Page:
Beyond the formal dividends of research this summer, it was also an important time to be in China. Chinese nationalism during the late summer of 2012 was particularly strong, expressed through protest of issues concerning the South China Seas and the Diaoyu/Senkaku Island dispute with Japan. I would argue that with the imminent leadership change in China coupled with some forecasts that Chinese economic growth is slowing, the central government has sought to ‘rally the troops’ and increase domestic nationalism. At the same time, other regional actors such as Vietnam, the Philippines, and Japan have pushed back on perceived Chinese aggressive positions.

Meeting with academics, I was able to expand my understanding of nationalism and China’s foreign relations, particularly regionally. Analysis of Chinese nationalism tends to fall into one of two categories: a grassroots phenomenon or one created by the central government. Similarly, there is limited nuance in the impact of nationalism as either a problem for China or a vital legitimizing agent for the Chinese Communist Party. Academics tend to fall into these categories, but by pushing back on their stances, I believe I have a more complicated perspective. Also, I was able to re-think my understanding of protest in China. Protest in China tends to be focused on local issues (e.g. corruption) with limited opportunity to challenge the central government—always with the ‘lessons’ of the Tian’anmen Square protests in mind. In contrast, nationalistic protest can be seen as a way for domestic audiences to put pressure on the central government as a demand for a harder line concerning foreign relations. In this way, nationalistic protest goes beyond historical grievances or territorial concerns to current domestic affairs as a way for the Chinese people to indirectly put pressure on the central government. This is especially pertinent during a period of tenuous leadership transition. The nuance of protest and nationalistic expressions in China deserves further inquiry and will be the crux of my dissertation. Finally, I would say that the research trip was vital in propelling my dissertation work forward. I am extremely grateful to the Fletcher PhD Summer Research Fund for the financial support."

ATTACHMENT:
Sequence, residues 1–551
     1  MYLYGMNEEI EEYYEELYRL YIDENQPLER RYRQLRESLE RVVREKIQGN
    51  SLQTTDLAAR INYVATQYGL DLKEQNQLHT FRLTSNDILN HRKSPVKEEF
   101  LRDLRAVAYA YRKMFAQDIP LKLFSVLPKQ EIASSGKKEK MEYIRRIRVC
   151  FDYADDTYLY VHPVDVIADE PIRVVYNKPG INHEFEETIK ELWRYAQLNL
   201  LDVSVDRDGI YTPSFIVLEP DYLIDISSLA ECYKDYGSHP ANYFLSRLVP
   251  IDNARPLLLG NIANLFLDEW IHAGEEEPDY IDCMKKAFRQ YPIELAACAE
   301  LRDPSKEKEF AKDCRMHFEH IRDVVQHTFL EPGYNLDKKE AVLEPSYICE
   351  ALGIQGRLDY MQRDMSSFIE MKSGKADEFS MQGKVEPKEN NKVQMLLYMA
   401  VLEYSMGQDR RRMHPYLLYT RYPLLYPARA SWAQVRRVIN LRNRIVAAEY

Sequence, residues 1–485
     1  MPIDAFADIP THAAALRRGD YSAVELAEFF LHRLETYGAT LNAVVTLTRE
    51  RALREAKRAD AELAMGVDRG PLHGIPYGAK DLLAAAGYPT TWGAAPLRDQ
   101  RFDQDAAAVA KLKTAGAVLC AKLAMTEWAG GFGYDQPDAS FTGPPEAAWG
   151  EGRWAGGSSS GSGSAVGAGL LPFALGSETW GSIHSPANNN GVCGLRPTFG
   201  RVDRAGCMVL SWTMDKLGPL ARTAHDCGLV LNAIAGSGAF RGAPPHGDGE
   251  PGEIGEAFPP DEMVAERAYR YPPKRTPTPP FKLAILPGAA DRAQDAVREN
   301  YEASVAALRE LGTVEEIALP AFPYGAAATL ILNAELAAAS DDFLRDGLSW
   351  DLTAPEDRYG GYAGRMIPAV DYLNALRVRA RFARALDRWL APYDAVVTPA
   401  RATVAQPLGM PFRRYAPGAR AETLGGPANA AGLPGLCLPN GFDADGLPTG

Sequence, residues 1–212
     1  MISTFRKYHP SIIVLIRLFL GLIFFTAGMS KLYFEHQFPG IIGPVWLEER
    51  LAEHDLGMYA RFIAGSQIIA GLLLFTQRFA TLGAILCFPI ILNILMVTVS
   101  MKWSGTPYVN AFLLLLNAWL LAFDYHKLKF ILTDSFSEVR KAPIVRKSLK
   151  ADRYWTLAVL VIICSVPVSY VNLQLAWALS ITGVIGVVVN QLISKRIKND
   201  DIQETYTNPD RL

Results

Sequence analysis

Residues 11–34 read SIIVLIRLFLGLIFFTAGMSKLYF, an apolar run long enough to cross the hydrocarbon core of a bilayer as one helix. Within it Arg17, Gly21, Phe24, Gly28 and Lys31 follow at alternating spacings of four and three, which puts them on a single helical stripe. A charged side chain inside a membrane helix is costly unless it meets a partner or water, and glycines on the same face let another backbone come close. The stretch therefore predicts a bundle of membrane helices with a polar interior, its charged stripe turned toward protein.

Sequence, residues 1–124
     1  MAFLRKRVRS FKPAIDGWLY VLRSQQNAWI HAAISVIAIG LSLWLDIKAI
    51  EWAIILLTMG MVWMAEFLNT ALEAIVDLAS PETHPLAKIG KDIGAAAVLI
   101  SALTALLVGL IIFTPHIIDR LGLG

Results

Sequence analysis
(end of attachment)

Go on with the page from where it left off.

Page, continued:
Jean-Louis Romanet Perroux (Recipient, 2012 Summer Research Grant)

"My dissertation focuses on the role and impact of civil society on governance during the current democratic transition in Libya. It is crucial for my research to understand the context and to establish links with key actors.

The summer research funds allowed me to come to Libya and conduct an evaluation of the context and the challenges that civil society organizations face in Libya. Together with a team of three, I interviewed the members of a dozen civil society organizations to understand the structural and operating constraints that impair their ability to run their organization and to meet their objectives.

Moreover, beyond the qualitative research, I intend to run a large number of surveys in four cities in Libya in partnership with each city’s university. This summer, I was able to travel to Misrata and Benghazi in order to meet with faculty in both universities, present the research project and propose a partnership."